• Memorial to the Defenders of the Polish Post Office
On September 1, 1939 the Polish post office in Danzig (Polish: Gdańsk) was attacked by German forces, the postal workers offered armed resistance. Since 1979 a memorial and the Polish Post Museum inside the former postal building remember the battle and the fate of the postal workers.
Image: Danzig, 1925, The Polish post office No. 3 at its opening, photo from the book: Adam Bartoszewski, Wiesław Gomulski: Żolnierze w pocztowych mundurach, Gdańsk 1969
Danzig, 1925, The Polish post office No. 3 at its opening, photo from the book: Adam Bartoszewski, Wiesław Gomulski: Żolnierze w pocztowych mundurach, Gdańsk 1969

Image: Gdańsk, 2012, The building of the Polish post office, Armin Krake
Gdańsk, 2012, The building of the Polish post office, Armin Krake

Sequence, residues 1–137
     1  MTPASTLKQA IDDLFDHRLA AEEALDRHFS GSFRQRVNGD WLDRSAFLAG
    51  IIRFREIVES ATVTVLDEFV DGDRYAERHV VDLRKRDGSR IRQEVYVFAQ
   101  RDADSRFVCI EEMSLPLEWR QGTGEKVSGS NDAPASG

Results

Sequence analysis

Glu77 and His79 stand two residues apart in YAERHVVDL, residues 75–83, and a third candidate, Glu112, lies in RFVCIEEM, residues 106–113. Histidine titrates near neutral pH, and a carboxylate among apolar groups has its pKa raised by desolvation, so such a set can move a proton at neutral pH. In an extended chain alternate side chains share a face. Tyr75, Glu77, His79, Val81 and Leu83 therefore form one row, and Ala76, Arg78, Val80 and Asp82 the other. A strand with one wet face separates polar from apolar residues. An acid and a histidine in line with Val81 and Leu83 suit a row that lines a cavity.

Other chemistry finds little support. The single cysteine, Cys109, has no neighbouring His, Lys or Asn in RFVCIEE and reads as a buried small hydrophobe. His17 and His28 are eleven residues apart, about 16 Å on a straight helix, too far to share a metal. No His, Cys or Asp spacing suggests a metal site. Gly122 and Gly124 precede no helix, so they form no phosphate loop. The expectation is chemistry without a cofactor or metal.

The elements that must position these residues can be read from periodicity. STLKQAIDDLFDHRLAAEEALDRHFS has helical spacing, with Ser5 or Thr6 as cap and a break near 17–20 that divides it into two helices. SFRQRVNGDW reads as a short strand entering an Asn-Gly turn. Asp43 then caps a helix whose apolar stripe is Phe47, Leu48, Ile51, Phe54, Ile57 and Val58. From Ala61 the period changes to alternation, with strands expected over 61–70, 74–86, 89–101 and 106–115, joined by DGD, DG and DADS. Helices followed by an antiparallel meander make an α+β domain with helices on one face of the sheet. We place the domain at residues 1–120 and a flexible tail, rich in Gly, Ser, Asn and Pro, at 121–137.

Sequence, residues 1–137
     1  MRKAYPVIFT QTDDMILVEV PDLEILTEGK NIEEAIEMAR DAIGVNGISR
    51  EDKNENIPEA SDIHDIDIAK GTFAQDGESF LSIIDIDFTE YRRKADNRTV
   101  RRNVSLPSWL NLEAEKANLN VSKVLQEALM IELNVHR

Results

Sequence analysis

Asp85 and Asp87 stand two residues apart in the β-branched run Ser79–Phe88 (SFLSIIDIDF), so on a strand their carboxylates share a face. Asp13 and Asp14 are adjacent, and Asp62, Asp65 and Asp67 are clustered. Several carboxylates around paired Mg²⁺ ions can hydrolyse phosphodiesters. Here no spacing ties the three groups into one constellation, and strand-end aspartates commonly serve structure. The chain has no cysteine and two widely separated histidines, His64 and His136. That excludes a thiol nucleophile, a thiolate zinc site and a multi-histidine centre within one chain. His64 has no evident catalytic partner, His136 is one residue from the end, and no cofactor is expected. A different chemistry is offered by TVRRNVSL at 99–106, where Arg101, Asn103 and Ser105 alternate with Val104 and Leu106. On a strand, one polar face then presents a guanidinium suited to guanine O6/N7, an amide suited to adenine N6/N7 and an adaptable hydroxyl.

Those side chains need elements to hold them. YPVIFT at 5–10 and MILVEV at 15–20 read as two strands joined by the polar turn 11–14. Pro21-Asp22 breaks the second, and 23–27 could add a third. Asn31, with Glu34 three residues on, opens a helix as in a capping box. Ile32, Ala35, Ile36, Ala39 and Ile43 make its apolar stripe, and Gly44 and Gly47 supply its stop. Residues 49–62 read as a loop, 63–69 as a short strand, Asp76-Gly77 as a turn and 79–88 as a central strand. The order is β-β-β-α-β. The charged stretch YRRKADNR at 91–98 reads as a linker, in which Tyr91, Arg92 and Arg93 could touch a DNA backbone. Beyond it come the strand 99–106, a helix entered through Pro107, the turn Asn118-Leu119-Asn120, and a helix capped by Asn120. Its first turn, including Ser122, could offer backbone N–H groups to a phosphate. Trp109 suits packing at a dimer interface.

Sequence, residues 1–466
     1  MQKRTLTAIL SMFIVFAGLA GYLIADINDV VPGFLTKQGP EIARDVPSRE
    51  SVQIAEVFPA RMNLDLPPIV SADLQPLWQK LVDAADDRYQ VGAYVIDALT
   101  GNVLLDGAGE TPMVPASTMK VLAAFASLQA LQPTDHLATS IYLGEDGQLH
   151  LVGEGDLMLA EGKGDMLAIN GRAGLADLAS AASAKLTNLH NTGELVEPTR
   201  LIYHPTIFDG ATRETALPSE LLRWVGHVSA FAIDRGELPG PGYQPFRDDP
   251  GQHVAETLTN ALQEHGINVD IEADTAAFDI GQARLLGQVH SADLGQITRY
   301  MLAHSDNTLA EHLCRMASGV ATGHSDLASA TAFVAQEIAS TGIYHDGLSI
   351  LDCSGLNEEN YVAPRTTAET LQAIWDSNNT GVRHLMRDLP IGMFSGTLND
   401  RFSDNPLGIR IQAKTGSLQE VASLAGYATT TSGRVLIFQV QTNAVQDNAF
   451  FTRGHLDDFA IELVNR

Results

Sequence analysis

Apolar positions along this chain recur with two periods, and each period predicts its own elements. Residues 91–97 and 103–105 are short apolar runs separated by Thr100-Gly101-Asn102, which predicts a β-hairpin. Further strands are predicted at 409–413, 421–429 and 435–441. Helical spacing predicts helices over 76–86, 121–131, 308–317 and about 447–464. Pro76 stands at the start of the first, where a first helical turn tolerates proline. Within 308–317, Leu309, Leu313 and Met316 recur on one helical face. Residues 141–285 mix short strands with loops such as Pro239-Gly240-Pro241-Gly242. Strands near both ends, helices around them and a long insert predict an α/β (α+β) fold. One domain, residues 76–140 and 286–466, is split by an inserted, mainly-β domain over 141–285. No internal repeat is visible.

After the First World War the city of Danzig (Polish: Gdańsk) and its surroundings were detached from German territory and placed under the auspices of the League of Nations. The whole area was assigned the status of an independent state known with as Free City of Danzig (German: Freie Stadt Danzig) with a special legal status. Amongst other things the Polish state could run its own post offices in Danzig's old town. Since the beginning of 1939 Poland feared a German attack on Danzig and its own territory. For that reason the post offices were secretly supplied with arms and young, militarily trained postal workers were sent to the city. Four machine guns, some pistols and rifles as well as ammunition and grenades were hidden by the employees in the post office at the Heveliusplatz, in case of an attack. On September 1, 1939 German troops attacked the Polish military base at Westerplatte and other Polish institutions, including the post offices. It was the start of the Second World War. When troops formed from SS and police attacked the post office at the Heveliusplatz in the early hours, there were about fifty postal workers as well as some other people in the building, among them the caretaker couple and their ten-year-old foster daughter. The postmen put up fierce resistance. All German attacks failed, even when the attackers brought in heavy artillery in the afternoon. In the early evening of September 1, the fire brigade eventually pumped a fuel mixture into the basement of the building. Flamethrowers ignited the fuel, at the same time the Germans opened artillery fire. The fire forced the postmen to surrender after 14 hours of resistance. Eight defenders were killed in the attack, six died in hospital because of their severe burns or wounds, including the caretaker's foster daughter. The two most senior postal officials were shot immediately. Almost all of the survivors were put on trial in front of German martial courts, sentenced to death and executed in autumn 1939.